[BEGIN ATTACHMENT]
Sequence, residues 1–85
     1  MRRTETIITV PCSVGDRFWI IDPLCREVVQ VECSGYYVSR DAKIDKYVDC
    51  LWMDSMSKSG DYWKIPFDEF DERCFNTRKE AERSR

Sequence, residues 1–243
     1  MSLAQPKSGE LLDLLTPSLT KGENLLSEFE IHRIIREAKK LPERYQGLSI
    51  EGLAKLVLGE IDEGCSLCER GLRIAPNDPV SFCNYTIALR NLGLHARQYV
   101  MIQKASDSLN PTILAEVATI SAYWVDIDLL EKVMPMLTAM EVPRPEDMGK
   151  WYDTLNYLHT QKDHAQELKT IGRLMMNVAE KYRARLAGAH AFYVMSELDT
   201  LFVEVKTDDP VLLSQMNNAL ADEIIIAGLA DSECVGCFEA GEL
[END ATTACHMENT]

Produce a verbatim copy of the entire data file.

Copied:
Sequence, residues 1–85
     1  MRRTETIITV PCSVGDRFWI IDPLCREVVQ VECSGYYVSR DAKIDKYVDC
    51  LWMDSMSKSG DYWKIPFDEF DERCFNTRKE AERSR

Sequence, residues 1–243
     1  MSLAQPKSGE LLDLLTPSLT KGENLLSEFE IHRIIREAKK LPERYQGLSI
    51  EGLAKLVLGE IDEGCSLCER GLRIAPNDPV SFCNYTIALR NLGLHARQYV
   101  MIQKASDSLN PTILAEVATI SAYWVDIDLL EKVMPMLTAM EVPRPEDMGK
   151  WYDTLNYLHT QKDHAQELKT IGRLMMNVAE KYRARLAGAH AFYVMSELDT
   201  LFVEVKTDDP VLLSQMNNAL ADEIIIAGLA DSECVGCFEA GEL